The Fresh Loaf

News & Information for Amateur Bakers and Artisan Bread Enthusiasts

Farrah wheat as opposed to the moden high yield wheat?

William H's picture
William H

Farrah wheat as opposed to the moden high yield wheat?

 As with many of the forum members, I have been trying to bake a flavoured white bread like we used to get back in the late 1950's here in Australia. I have used a wood fired oven, wheat from both Russia & South Africa, while there are variations of flavour & in the case of the Russian wheat, a greyer colour of the dough. None of this produces that wonderful flavout that was once the norm in those days.Truly the old days were much better, when it came to bread flavour!

 Various yeasts have not in the least had much effect at all.

I have drawn the conclusion over the last fourty years, that it is this modern High yield Hybrid wheat that the farmers grow these days!! I can see why this so, when the yield per acre is as much as ten to fifteen times that of the Farrah wheat (Australian rust resistant wheat, grown up until around the mid to late 1960's here in Australia) & I dare say that similar high yield wheat is grown around the world?

 This wheat when bleached as it is, does not stand up to this chemical change as did the older style wheats.

 It is a waste of time getting unbleached flour as it is from the same High Yield wheat stock!!(although it is a little better!)

After all the production industrial bakeries?? Only care about the number of loaves that they produce to meet the demand from the Supermarkets of today,they do not in the least care if bread tasts like bread should, after all most people have never tasted "Real Bread" in their lives????Only that expanded cardboard STUFF THAT RETAILS AS BREAD!!!!????

 I am well aware that the specialty bakeries do a fair loaf from this wheat as do I myself, however I cannot get anywhere near what was once the flavour of "REAL BREAD" It was once that one could smell the bread baking from some miles away from the local bakery, not so today!!!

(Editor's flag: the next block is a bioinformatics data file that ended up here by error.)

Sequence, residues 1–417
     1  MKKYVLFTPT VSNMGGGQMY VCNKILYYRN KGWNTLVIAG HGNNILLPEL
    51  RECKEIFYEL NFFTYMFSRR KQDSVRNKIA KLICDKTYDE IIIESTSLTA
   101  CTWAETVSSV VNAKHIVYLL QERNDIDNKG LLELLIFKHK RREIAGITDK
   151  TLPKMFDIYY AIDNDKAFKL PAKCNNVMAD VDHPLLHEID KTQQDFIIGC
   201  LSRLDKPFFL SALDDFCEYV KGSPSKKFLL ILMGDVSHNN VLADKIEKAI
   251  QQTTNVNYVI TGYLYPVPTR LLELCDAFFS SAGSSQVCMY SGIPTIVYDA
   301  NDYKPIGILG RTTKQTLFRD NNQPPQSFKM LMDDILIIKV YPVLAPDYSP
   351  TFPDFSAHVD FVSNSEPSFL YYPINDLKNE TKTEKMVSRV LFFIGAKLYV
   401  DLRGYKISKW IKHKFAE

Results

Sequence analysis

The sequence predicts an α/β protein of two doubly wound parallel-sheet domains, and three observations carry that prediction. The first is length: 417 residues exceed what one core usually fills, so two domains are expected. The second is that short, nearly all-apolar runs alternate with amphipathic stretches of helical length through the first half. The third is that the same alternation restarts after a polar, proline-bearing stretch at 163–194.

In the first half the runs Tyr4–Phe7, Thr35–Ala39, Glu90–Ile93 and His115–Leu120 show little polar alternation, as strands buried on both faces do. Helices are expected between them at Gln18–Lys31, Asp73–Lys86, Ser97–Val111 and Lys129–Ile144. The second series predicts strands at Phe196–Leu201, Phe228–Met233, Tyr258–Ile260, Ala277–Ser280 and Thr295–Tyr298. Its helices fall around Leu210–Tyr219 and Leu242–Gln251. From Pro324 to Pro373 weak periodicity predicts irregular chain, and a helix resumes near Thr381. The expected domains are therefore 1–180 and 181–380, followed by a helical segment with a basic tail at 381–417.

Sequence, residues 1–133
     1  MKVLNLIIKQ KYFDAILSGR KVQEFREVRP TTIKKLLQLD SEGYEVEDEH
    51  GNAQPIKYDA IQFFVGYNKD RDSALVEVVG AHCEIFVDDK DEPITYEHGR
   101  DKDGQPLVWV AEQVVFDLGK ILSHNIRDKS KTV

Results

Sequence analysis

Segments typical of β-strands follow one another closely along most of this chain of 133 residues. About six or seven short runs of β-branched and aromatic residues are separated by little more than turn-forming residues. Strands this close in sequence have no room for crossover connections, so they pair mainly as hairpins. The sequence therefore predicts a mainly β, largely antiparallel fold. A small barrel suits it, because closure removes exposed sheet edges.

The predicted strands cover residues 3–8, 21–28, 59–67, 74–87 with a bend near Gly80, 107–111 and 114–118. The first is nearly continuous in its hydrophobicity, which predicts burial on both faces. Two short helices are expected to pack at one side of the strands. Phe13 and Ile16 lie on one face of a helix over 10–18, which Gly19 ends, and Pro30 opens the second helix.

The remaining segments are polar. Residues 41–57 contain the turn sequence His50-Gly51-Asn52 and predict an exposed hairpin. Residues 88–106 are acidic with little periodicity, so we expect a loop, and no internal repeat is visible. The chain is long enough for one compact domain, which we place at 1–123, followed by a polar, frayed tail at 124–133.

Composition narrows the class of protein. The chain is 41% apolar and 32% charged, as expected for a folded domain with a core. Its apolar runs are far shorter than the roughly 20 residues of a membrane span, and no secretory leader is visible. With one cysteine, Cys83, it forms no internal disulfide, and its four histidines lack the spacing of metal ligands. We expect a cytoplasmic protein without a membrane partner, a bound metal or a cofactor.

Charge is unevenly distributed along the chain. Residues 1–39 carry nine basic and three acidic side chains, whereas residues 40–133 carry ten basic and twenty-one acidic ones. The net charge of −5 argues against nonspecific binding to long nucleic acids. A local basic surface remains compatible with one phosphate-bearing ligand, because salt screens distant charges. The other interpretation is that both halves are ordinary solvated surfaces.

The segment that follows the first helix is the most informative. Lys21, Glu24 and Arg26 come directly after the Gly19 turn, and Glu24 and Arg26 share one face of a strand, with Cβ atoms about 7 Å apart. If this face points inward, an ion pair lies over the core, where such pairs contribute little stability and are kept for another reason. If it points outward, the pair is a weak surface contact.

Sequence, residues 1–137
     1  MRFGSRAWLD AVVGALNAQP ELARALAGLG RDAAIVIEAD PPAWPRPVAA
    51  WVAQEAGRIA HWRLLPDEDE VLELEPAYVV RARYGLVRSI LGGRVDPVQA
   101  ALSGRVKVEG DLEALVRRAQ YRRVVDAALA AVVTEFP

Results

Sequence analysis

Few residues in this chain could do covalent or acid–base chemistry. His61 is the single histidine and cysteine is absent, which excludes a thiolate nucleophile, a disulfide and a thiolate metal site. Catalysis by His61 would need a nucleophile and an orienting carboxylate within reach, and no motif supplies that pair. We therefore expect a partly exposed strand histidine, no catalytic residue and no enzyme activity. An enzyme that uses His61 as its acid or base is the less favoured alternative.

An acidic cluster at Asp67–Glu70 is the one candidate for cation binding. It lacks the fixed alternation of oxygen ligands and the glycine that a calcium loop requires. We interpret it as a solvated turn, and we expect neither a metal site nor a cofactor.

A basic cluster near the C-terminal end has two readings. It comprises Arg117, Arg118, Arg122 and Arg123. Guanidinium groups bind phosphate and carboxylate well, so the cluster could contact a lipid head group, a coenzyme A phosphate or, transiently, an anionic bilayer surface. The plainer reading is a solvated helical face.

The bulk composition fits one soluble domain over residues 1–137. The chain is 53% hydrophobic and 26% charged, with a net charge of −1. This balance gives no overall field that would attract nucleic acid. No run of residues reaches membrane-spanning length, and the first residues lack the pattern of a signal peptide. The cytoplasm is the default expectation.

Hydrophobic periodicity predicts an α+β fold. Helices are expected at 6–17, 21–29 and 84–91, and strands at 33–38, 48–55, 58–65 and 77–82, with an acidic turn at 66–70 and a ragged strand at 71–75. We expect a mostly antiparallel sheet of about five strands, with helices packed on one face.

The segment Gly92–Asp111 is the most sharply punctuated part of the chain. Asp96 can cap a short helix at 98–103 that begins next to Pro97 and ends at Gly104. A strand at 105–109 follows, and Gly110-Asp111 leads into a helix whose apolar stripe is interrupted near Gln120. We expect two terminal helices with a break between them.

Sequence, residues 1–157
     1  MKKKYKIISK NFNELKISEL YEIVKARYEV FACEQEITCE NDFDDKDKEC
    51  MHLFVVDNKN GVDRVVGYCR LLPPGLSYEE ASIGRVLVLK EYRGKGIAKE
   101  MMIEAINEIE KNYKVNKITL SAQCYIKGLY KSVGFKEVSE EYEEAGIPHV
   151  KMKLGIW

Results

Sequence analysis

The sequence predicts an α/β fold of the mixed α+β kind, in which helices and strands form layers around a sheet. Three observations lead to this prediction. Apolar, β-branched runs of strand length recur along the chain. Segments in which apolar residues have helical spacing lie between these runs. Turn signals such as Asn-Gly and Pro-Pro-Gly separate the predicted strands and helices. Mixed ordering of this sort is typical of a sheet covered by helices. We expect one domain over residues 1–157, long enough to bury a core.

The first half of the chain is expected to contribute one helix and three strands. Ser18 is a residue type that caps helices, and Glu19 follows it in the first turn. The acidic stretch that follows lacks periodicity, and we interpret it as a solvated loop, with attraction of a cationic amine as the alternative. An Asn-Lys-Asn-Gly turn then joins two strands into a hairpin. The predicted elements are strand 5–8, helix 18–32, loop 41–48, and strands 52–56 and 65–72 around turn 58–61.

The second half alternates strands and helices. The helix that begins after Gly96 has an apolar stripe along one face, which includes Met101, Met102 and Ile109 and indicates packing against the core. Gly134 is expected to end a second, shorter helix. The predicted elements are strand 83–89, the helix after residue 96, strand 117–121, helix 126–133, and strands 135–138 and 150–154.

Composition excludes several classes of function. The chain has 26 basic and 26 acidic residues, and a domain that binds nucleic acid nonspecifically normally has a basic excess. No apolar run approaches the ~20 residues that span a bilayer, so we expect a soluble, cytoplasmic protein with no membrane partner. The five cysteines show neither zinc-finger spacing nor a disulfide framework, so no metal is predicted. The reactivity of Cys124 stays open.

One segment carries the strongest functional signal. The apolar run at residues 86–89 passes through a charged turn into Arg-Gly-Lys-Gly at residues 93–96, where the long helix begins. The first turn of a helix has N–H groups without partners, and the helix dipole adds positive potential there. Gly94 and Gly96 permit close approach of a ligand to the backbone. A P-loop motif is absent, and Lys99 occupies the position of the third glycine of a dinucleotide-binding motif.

Cheers Bill. 

Mini Oven's picture
Mini Oven

Now that you got that out of your system, have you tried fermenting your dough differently?  Fermenting part of it overnight or doing a slow fermentation in the refrigerator?  Poolish?   Or have you thought about adding more to your bread than just wheat flour?  Have you tried sourdough yet?  Or adding a cooked potato along with the water to your wheat bread.  This is a great bread improver done for centuries.  

There are ways to coax flavour out of the flour with longer fermentation (less yeast) and adding back some of the sifted out bran back into the dough.  Maybe the loaf you remember had a small quantity of honey or palm sugar in it.  Coconut oil to grease the pans?  or Coconut milk in the recipe?  Even the flavour of wheat can vary from year to year.  Fifty years ago the sun's rays reached the earth's surface with much more intensity than they do presently due to global dimming.  Maybe that is your missing piece to your favorite flour flavour, less sunshine.

Meanwhile... see what you can do with the flour you have, let it teach you.  Play around and experiment with it and go where you think no baker has gone before.  :)

Yerffej's picture
Yerffej

Good advice from Mini (as usual) but I believe that you are quite correct about modern wheat and its proximity to Frankenfood.  Is there anyone growing the wheat you used to have before 1960?  Here in the states I can get Turkey Red Wheat, the very same hard Winter wheat brought to this country in the late 1800's.  Also there is spelt and other older types of grain that have not been so heavily subjected to intense engineering all in the name of more money.

Mini is right (Mini is always right) about the use of long fermentation such as a poolish or sourdough to greatly improve the quality of any bread.  Pre 1960, most bread was created over two long shifts not in the blink of an eye such as is done in modern bakeries.  This made a bread that was superior in both flavor and health benefits. Look around and see if their are any older wheat types available, their flavor is incredible as compared to the mass produced wheat of today.

Happy Baking,

Jeff

Nickisafoodie's picture
Nickisafoodie

After the above suggestions, you may want to consider buying a high impact mill and grinding your own, it will take your bread to another level.  But the advice above should be implemented first re slow fermentation and will bring a quantum leap.  You may be happy at that stage or you may then wish to consider milling.  

suave's picture
suave

The hard truth is that the first thing to suspect is always own skill.

Kalfooza's picture
Kalfooza

William, I think you have a very good point. I've seen a patch of different types of wheat from different decades 1950s - 2000s and I couldn't believe how much it "grew" in size.

The modification that it went through is something I really don't approve and I'd like to get a hold of wheat as old as possible, even if it means I need 10x more space and 10x more work. 

I believe that is must alter the taste. Is this Farrah Wheat still available, or did it die out with high yield stuff taking over?

Kitchen Barbarian's picture
Kitchen Barbarian

I guess we can be grateful that we have the luxury of thinking that we'd rather have "old style" wheat even if it takes 10x the energy and 10x the space to grow ... it means we've literally forgotten what famine is like.